I think the point is to avoid answering the way you think the interviewer wants you to answer. (You could be wrong anyway.) Answer honestly.
Michael points out that such questions stand between you and the job you want, even if the question is silly. So does that mean you have to tell the employer what it wants to hear? Or be honest, and if you get rejected, realize that if your honest answer is “wrong,” then this company probably isn’t the one you want!
When interview questions get weird (or silly), it’s up to you to shift the discussion to the work – to what really matters. To what will make the employer realize, hey, I can’t live without this candidate.
@Lynne: I love it when a question like this makes the lights go off like they did in your story!
@Joan: That’s a nice way to get the discussion back to what the employer is going to pay you for: doing the work properly. And as you said, if that’s not what they want, it’s fine if they don’t hire you!
I also hate these idiotic and senseless canned questions. Who doesn’t?
I roll with the punches and in 5 yrs, “where I see myself” is secondary to the opportunities I create for myself, whether or not the company I work for has any real interest in supporting my advancement while respecting my personal autonomy and responsibilities off and on the job, what competing offers I may attract, what new technologies and innovations are developed that effect my field, my family situation, my health, the overall direction of the country (as I am thinking my prospects may very well be much better if I leave the USA), whether I like and respect my managers, co-workers, customers, and how much control I have over training, hiring, disciplining, promoting, and firing subordinates, pay and benefits, promotions, my spouse’s work and health conditions, and a whole raft of other things, some of which are predictable but most of which are not. Wow that’s a mouth full!
As far as the merit of the question, I think what they are really digging for is… *drum roll*… are you inclined to stick around and build a career here or are you a job hopper? That is the real question behind the question. But whether or not I hop jobs depends on how I am treated there versus what opportunities I have elsewhere.
In actuality I have always provided the “correct” answer indicating that I want to grow and advance with the company, while solving their unique challenges and providing them increased profits and reduced costs, in accordance with the goals and preferences of the employer. Then I describe how I would do exactly that and ask them to lay out a live problem.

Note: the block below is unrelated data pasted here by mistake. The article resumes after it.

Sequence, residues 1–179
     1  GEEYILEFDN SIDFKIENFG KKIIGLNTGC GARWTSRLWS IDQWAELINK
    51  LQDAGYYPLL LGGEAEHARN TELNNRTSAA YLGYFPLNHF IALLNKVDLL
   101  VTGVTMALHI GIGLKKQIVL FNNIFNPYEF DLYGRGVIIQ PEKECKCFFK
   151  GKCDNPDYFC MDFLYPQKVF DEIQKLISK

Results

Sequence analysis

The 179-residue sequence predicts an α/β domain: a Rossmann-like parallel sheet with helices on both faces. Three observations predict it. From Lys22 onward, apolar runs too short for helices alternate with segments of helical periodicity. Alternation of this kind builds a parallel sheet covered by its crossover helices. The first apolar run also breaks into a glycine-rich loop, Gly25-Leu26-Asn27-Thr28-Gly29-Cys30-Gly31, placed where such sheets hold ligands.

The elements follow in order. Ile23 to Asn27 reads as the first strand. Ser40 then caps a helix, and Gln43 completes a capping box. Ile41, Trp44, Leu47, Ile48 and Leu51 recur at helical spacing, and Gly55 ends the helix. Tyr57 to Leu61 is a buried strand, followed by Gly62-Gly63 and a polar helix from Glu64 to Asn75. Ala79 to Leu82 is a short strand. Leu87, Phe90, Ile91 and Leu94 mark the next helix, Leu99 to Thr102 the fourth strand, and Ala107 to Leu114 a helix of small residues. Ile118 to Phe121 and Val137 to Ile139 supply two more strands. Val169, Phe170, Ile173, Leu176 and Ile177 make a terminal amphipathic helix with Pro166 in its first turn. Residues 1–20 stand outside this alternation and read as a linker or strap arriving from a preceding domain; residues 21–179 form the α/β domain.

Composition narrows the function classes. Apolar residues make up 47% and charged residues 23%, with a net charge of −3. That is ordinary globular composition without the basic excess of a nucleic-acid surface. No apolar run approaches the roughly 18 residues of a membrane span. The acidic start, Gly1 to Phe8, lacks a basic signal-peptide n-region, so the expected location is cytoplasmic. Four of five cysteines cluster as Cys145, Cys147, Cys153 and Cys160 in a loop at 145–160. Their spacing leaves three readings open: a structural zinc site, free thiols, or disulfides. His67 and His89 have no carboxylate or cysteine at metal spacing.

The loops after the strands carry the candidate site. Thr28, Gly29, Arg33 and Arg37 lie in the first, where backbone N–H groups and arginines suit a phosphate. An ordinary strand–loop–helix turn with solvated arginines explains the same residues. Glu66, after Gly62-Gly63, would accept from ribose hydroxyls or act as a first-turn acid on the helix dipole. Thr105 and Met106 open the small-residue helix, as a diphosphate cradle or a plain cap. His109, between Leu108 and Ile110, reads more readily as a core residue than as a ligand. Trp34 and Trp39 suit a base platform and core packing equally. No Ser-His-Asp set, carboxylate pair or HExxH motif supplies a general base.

But, I so dislike these questions, and the cookie-cutter corporate cultures that would ask them, that truthfully, I find myself working for myself more and more. I like to hunt for my own opportunities and keep all the profits I make assisting my customers, instead of playing these reindeer games.
Employers don’t show respect for the employee with these idiot questions. They are trying to make “apples-to-apples” comparisons but I am not a piece of fruit and neither is any other candidate, much less the same piece of fruit!
I always thought the 5 year question was foolish. I think the intent behind the question is to see: a) how long will you stay with the company? b) are you gunning for the interviewer’s job? I had an interview about 7 months ago that asked me where I saw myself in not 5 years but 10 years. Anyone that has their life planned out for the next 10 years is a nutcase. It was the cherry on top of the sundae, telling me that I did not want to work for the company. Many of the previous questions and comments were straight out of robotic interview handbook. Any interviewer that has to stress that “we are like family here” run for the exit. If you go to a company for an interview, you should be able to see that people get along, you should have to be told.
Odd enough this question was asked of me in an interview for a position about 5 years ago. I got the job, quit 3 months later, and the company went into receivership 2 months after that. What a stupid question and one that I should have answered with Nick’s “Is the company going to be here in 5 years”?
“I think the point is to avoid answering the way you think the interviewer wants you to answer. (You could be wrong anyway.) Answer honestly.”
Several years ago, I once tried to tell the interviewer what I thought he wanted to hear, rather than what would be the truth. It turned out that it was the other way around; my honest answer would have been the preferred one. I spent the rest of the interview doing damage control, which was so pathetic that I was not surprised at all to not get the job.
“We are like a family here.”
Well, let’s see, more than half of American families are directly involved with, and /or affected by, one or more of the following: divorce, single-parent households (never married), addiction, abuse (physical, emotional / verbal, sexual), poverty, legal problems, crime, disease, etc…